Apple, Adobe called out in Australian parliament

IT pricing committee chair Nick Champion has called out Apple, Adobe, and Microsoft in parliament for their reluctance to appear before the committee.

The chair of the Australian parliamentary committee investigating IT pricing in Australia, Nick Champion, has called out Apple, Microsoft, and Adobe in parliament for "stonewalling" the committee's investigation.

The IT pricing inquiry is currently looking into the reasons why it is perceived that Australians pay more for technology . Research by consumer group Choice estimated that Australians pay, on average, 56 percent more for IT products than customers overseas .

Apple, Adobe, and Microsoft were represented at a public hearing by the Australian Information Industry Association (AIIA), but have subsequently refused to appear before the committee themselves.

In the House of Representatives this morning, Champion said that this is unacceptable.

"The committee does detect a deep reluctance and resistance on the part of these companies to discuss these issues publicly, or to publicly defend their business models and pricing structures," he said.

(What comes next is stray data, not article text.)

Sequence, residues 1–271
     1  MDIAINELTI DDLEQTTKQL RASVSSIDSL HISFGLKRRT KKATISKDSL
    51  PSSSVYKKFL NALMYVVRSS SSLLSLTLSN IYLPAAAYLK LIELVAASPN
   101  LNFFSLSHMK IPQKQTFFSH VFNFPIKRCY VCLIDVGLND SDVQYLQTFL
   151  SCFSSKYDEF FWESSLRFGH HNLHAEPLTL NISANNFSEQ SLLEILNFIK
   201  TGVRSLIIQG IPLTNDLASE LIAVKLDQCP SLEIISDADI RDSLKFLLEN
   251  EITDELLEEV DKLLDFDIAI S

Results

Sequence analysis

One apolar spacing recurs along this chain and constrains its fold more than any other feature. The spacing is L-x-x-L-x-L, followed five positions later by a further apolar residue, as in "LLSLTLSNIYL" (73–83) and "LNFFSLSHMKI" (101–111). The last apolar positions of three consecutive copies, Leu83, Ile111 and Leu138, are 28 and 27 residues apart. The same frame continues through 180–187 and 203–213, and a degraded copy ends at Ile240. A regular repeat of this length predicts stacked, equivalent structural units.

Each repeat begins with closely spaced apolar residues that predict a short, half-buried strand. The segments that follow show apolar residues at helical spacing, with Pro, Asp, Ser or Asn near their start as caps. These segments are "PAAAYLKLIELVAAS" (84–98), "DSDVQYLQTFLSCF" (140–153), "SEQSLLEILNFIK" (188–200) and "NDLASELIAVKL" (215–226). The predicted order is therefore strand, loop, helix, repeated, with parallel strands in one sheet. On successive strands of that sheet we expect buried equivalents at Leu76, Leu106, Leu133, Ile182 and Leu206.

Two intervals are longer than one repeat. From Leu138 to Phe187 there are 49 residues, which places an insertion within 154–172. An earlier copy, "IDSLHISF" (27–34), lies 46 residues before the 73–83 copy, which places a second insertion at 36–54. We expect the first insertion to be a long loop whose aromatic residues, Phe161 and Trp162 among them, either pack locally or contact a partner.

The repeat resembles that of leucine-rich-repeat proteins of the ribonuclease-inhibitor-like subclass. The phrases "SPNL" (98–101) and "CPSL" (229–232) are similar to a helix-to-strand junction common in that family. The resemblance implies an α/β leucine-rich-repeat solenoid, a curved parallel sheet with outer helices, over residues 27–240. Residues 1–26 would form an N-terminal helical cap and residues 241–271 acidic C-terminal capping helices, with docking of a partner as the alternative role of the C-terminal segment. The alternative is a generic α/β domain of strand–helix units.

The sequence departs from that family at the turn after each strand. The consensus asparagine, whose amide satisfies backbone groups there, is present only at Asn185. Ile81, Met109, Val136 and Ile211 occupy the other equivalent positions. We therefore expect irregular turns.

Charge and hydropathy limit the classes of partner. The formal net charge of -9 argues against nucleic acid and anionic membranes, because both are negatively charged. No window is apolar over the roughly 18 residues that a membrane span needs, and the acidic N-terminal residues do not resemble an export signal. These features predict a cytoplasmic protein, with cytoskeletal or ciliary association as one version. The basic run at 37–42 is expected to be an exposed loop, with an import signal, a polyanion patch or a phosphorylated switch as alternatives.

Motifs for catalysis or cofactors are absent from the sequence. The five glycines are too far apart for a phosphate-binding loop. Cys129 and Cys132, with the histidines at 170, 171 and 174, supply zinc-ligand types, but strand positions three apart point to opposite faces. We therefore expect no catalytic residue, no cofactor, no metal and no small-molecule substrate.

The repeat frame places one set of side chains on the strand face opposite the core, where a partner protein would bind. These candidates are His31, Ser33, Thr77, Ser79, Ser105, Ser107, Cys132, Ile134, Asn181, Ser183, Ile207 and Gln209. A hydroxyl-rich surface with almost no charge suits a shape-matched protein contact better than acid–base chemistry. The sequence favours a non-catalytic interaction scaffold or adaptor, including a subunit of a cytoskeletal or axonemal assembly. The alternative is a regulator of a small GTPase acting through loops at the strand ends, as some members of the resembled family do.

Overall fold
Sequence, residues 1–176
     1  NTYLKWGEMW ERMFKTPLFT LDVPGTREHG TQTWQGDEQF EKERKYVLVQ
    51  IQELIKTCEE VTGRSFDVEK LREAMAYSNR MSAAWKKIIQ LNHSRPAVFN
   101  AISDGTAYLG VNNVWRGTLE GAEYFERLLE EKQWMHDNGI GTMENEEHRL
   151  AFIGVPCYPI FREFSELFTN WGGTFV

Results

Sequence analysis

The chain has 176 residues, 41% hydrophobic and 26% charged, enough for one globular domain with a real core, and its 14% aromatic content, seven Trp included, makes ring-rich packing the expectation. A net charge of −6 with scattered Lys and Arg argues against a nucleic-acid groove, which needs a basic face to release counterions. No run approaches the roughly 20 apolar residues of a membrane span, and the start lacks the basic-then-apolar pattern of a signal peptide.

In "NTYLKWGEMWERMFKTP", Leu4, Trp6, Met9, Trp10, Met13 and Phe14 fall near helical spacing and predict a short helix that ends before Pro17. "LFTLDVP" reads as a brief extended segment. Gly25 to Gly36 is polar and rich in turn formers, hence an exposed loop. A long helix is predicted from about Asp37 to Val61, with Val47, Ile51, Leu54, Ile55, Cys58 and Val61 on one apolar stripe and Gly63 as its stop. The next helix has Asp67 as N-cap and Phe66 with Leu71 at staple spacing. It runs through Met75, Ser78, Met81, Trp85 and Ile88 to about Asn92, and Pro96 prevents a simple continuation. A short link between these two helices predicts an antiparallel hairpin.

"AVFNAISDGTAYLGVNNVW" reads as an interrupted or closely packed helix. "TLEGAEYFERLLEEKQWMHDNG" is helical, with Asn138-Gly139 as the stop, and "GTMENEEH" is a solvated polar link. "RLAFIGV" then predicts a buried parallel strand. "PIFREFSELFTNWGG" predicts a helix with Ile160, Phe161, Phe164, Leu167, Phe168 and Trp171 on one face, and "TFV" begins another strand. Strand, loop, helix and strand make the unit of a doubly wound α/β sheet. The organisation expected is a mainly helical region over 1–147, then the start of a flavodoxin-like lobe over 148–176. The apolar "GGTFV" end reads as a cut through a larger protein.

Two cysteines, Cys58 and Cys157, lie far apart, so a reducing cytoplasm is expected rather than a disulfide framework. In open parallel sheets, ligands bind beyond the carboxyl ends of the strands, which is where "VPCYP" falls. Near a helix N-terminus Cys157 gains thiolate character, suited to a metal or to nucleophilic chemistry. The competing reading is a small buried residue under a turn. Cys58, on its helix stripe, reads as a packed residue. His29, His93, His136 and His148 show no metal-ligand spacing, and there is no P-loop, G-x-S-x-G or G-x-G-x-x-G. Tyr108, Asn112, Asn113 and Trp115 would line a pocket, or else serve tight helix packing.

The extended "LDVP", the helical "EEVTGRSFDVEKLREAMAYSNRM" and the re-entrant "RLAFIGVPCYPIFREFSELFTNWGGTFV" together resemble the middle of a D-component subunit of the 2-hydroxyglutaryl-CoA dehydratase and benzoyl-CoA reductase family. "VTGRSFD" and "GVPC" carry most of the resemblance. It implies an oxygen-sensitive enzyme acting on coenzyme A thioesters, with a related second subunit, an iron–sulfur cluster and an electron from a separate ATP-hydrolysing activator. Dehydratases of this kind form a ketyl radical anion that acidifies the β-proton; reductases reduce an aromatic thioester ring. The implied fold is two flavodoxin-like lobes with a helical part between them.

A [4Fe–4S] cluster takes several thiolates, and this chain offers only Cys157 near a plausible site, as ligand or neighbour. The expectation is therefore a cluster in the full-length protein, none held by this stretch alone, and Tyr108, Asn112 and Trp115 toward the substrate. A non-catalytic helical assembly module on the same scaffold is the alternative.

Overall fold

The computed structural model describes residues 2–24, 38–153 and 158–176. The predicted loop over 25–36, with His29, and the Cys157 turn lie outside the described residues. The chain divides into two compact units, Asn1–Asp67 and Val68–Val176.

"The tactic employed by the industry seems to be to give either little or limited cooperation to the committee."

He said that other companies are frequently brought before committees to detail commercial practices, highlighting the 1999 retail sector inquiry, in which supermarket giant Woolworths appeared before the inquiry twice.

"If it is good enough for an Australian company like Woolworths to give public testimony, it should be good enough for Apple and others to appear and do the same," he said.

"It is not good enough for the industry to simply stonewall the inquiry, or, for that matter, ignore interested consumers who have a legitimate public interest in IT pricing."

Adobe had offered to make a public appearance before the committee, he said, but only if other IT companies would appear at the same time.

Champion said that the IT companies' reluctance to appear public has left the committee with the "invidious choice" of either compelling Apple, Microsoft, and Adobe to appear , or for the committee to report without evidence from these companies.

"It would be far better for companies to defend their business model and pricing structure in public before the committee," he said.

Deputy chair Paul Neville said that the companies are engaged in "obstruction, avoidance, and evasion," and that issuing the tech giants with a subpoena to appear would be the "ultimate sanction."

"We need to send out a signal that we are not going to accept [it], and we expect a better standard of conduct for the industry," he said.

The IT committee is next due to hold a public hearing on Wednesday, but the committee has not yet announced who will be providing evidence at this hearing.